Senioritis Isn’t the Only Illness Impacting Seniors This Year

Coronavirus & No Motivation for School is a Scary Combination.

Summer band camp essentials: sunglasses, leis, and masks.

Alexandra Bell, Reporter

Between mask mandates, social distancing guidelines, and hybrid learning schedules, it’s hard to remember what a traditional school year is supposed to look like. Especially for seniors, whose last year of high school is becoming increasingly difficult to cherish as the incessant coronavirus continues to wreak havoc upon normal life. Despite these unforeseen circumstances, Lakeview seniors are trying their best to enjoy what little time they have left in school, all while creating new ways to adapt to an ever-changing world.

Fall sports in particular have been affected by the new rules set in place by schools to ensure athletes’ safety.

Senior Abbey Leonard, a member of the girls’ tennis team, claims these instructions have changed her last season completely. She shared, “my last season of tennis has meant distance from my teammates and masks even on the bus…Though our parents are allowed to come, they wear masks and aren’t allowed to come near us.”

Leonard, doing her best to keep positive, claimed she “imagined my senior season in a different light but am trying to make the best of it for everyone.

The coronavirus has also altered sports on Lakeviews’ own turf. Goalie of the girls’ soccer team senior Caitlin Kachurick offers insight into what has changed on the field this year. “We didn’t have any idea of what to do because we couldn’t have scrimmages [as] coaches wanted to keep us as safe as possible leading up to the season.

Kachurik adds that she “speaks for all the seniors that it is hard knowing we could be potentially playing our last game because nothing is guaranteed during these times.”

Center Defender senior Alexa Dorma shares how soccer has changed for her since these changes were made. “I still find joy playing with my team,” due to how she plays with “positive girls who can find the good in just about every situation!

Dorma also clarifies that “connecting with my teammates [has been hard] due to COVID, but we still have great chemistry on and off the field.” Despite team bonding activities being temporarily suspended, Lakeview’s soccer team has managed to maintain great relationships with one another and unite together in the face of adversity – something that no other game could have prepared them for.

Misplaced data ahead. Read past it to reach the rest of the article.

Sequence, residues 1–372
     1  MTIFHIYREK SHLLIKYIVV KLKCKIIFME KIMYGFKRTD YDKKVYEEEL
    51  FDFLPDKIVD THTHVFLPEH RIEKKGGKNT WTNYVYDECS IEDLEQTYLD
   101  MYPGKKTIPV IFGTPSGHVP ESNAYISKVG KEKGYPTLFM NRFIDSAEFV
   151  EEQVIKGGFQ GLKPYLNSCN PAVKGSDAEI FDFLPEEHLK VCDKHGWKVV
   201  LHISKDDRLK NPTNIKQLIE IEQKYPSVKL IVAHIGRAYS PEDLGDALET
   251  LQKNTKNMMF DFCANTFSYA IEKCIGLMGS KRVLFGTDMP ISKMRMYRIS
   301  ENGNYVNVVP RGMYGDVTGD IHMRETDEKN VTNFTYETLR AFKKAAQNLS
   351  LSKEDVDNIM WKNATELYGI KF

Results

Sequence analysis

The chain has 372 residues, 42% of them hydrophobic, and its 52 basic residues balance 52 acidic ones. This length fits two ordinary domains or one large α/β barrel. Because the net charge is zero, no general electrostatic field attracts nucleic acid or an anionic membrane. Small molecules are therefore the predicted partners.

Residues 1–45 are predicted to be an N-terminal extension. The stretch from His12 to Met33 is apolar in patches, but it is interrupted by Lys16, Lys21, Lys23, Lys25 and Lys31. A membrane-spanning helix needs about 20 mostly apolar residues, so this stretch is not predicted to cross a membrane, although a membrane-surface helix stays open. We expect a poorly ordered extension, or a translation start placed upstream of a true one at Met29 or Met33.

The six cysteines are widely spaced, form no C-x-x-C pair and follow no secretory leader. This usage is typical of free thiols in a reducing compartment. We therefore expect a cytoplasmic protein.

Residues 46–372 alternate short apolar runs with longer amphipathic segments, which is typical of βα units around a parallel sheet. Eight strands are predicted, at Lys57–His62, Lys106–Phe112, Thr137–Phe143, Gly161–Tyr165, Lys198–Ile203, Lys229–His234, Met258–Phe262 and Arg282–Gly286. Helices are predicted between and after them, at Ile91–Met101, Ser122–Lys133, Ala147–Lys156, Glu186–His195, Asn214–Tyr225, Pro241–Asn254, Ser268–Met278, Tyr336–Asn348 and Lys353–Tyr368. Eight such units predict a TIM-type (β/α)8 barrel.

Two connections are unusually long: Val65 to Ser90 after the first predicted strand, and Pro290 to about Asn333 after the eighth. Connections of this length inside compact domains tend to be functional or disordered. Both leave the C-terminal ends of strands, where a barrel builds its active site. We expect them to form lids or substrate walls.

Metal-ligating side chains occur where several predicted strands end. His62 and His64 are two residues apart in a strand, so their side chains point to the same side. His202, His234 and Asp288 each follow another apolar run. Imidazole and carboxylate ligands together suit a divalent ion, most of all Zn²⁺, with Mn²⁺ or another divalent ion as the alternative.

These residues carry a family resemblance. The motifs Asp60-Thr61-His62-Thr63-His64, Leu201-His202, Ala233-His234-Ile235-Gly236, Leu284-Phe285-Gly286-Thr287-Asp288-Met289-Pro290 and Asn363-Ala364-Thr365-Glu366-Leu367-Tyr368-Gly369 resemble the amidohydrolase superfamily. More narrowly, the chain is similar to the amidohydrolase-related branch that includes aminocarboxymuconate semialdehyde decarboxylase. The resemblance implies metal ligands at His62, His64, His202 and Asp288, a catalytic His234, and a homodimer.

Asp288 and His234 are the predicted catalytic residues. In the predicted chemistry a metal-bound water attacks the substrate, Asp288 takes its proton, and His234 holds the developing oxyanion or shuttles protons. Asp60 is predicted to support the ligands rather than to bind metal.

This pandemic has also impacted other extracurricular activities, including the musical group behind the infectious spirit of every football game.

Kachurick, also part of the marching band, confides that it has taken a new direction since COVID protocols were established. She claims that “band camp being at home [this summer] and not getting the full experience made it much harder for us to focus.” Additionally, she says the entire band “received new uniforms that we personally keep so we are safe and not spreading germs.” As far as how they perform, Kachurick explains “we have done virtual performances, which is sad because we don’t get a live audience or see other bands and their shows.”

Allison Mark, another proud member of Lakeview’s band, weighs in on what the hardest changes to accept were. “I guess the biggest change is being okay with all of it.” Specifically, she has come to normalize “[not] seeing my friends at school or having a Friday night football game with concession stands…it’s very draining.” Like so many other seniors this year, Mark is “grateful for everyone trying to make it normal [but] I just hate that I took last year for granted.

Even the cheerleading squad is finding it hard to use their exuberant chants and choreographed jumps to excite crowds at football games.

Compared to past practices and Friday night routines, both the junior varsity and varsity squads don’t feel the same enthusiasm towards their sport anymore.

Senior Marianna Franco, who cheers for the varsity team, says “COVID has definitely changed our season this year.” Still able to cheer alongside her friends, Franco explains she is still enjoying her senior season but it’s “sad that there are only six games and no pep rallies this year.” With less opportunity to participate in the activity she loves, Franco, along with all other senior athletes this year, will have to act as if every game is truly her last.

Finding a balance between personal and school agendas has become a nearly impossible task with the added stress of the hybrid learning schedule, even without accommodating to change within extracurricular activities.

Maria Fiest shares what it’s like to be a student who has fallen ill to senioritis. “I think it is quite hard to find the motivation for school work…We have so much to worry about [this year].” When asked about how she is persevering through so many challenges, Fiest grants this piece of advice: “So far I have been looking at the bigger picture, which is finally graduating, to push through all the stress.” She continues, saying “hopefully our class as a whole can find more motivation soon so we all have a successful senior year.

The bizarre circumstances of this year will hardly go unnoticed by doctors and political figures in the years to come. But for us seniors, who are living through this pandemic with our futures on the line, one thing is for certain: we will have to find ways to truly make this the best year possible, even with two strange illnesses plaguing us.


Social distancing on and off the field.